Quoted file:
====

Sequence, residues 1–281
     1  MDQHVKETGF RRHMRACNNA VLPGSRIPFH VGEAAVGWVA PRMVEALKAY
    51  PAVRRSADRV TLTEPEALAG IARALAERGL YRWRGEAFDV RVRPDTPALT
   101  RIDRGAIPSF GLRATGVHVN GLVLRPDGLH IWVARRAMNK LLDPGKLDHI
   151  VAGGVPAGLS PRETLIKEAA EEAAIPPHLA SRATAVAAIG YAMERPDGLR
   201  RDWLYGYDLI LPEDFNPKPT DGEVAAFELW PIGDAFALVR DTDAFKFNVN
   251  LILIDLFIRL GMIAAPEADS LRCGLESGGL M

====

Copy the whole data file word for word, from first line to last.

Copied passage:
Sequence, residues 1–281
     1  MDQHVKETGF RRHMRACNNA VLPGSRIPFH VGEAAVGWVA PRMVEALKAY
    51  PAVRRSADRV TLTEPEALAG IARALAERGL YRWRGEAFDV RVRPDTPALT
   101  RIDRGAIPSF GLRATGVHVN GLVLRPDGLH IWVARRAMNK LLDPGKLDHI
   151  VAGGVPAGLS PRETLIKEAA EEAAIPPHLA SRATAVAAIG YAMERPDGLR
   201  RDWLYGYDLI LPEDFNPKPT DGEVAAFELW PIGDAFALVR DTDAFKFNVN
   251  LILIDLFIRL GMIAAPEADS LRCGLESGGL M